After graduation from Beloit College in 1866, Chamberlin worked for two years as a teacher and later principal in a high school near Beloit. He was married to Alma Wilson in 1867.
In 1868–1869, Chamberlin spent a year taking graduate courses, including geology, at the University of Michigan to strengthen his scientific background. Subsequently (1869-1873) he became professor of natural science at the State Normal School in Whitewater, Wisconsin. He joined the Beloit faculty in 1873, where he was professor of geology, zoology, and botany. In 1873 he also became one of several part-time participants in conducting a comprehensive geological survey of Wisconsin. His geologic mapping work in southeastern Wisconsin, a region mantled with thick glacial deposits, led him to recognize multiple episodes of glaciation during the Pleistocene. His terminology for glacial stages in North America is still in use, with minor modifications.
In 1876 Chamberlin became chief geologist for the Wisconsin geological survey, supervising the completion of the survey and the publication of the four-volume report, for which he authored sections on glacial deposits, Paleozoic and Precambrian bedrock geology, lead-zinc ore deposits, artesian wells, and soils. The project brought him national attention and led to his appointment as head of the glacial division of the US Geological Survey in 1881. He later was president of the University of Wisconsin (1887 - 1892).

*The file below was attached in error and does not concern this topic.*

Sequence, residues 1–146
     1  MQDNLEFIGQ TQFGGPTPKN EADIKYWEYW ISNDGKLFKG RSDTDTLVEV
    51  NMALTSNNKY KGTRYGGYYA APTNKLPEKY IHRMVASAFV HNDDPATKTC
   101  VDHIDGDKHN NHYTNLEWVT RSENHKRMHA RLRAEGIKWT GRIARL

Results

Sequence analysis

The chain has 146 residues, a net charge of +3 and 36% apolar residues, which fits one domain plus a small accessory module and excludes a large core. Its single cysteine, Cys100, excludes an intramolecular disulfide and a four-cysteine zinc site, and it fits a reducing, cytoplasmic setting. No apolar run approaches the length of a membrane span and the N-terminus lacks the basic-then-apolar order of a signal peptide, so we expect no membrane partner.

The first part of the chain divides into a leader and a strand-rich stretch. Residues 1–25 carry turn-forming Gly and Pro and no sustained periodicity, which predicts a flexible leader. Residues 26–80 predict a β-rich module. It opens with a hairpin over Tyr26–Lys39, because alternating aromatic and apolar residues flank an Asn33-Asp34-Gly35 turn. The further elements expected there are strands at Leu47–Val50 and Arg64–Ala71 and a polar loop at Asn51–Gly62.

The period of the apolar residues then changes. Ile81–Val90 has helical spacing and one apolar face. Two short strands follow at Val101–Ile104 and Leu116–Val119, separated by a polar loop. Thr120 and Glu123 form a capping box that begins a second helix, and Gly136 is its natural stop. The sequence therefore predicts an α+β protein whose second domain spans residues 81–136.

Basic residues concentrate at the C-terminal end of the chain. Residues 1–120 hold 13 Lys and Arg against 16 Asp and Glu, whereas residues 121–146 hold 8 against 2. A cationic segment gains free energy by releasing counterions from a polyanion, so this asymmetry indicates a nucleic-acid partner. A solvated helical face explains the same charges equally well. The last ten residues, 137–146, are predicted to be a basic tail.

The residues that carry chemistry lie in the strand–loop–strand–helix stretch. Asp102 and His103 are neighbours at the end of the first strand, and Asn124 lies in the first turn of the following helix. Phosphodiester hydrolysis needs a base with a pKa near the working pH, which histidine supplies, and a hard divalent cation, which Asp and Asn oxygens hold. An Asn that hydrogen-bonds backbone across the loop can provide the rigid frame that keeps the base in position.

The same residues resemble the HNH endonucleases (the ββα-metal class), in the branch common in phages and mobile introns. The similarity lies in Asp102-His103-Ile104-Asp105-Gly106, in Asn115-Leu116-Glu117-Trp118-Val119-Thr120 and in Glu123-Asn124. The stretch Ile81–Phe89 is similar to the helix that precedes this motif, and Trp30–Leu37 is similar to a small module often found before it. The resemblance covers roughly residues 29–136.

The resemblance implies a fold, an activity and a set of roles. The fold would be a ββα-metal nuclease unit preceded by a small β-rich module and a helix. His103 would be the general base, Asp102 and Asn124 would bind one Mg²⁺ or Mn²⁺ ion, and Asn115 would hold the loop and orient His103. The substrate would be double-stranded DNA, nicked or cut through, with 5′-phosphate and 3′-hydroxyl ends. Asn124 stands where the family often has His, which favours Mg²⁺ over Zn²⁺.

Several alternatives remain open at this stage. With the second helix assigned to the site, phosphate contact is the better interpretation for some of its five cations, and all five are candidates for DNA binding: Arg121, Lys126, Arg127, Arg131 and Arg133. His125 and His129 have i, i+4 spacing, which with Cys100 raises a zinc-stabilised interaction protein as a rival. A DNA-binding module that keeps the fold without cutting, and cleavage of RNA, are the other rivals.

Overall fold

In 1892 he accepted the offer to organize a department of geology at the new University of Chicago, where he remained as a professor until 1918). From 1898 to 1914 he was president of the Chicago Academy of Sciences.
He developed the planetesimal theory, which states that Earth was made from smaller objects that gradually built the planets by accretion. From this theory and other geological evidence he concluded that Earth was much older than assumed by Lord Kelvin (ca 100 million years) at the time.
His papers are housed in the Beloit College archives, along with the papers of his son, Rollin T. Chamberlin, who was also a geologist.. There are buildings named for him on the Beloit College and University of Wisconsin-Madison campuses. The lunar crater Chamberlin and a crater on Mars are named in his honor.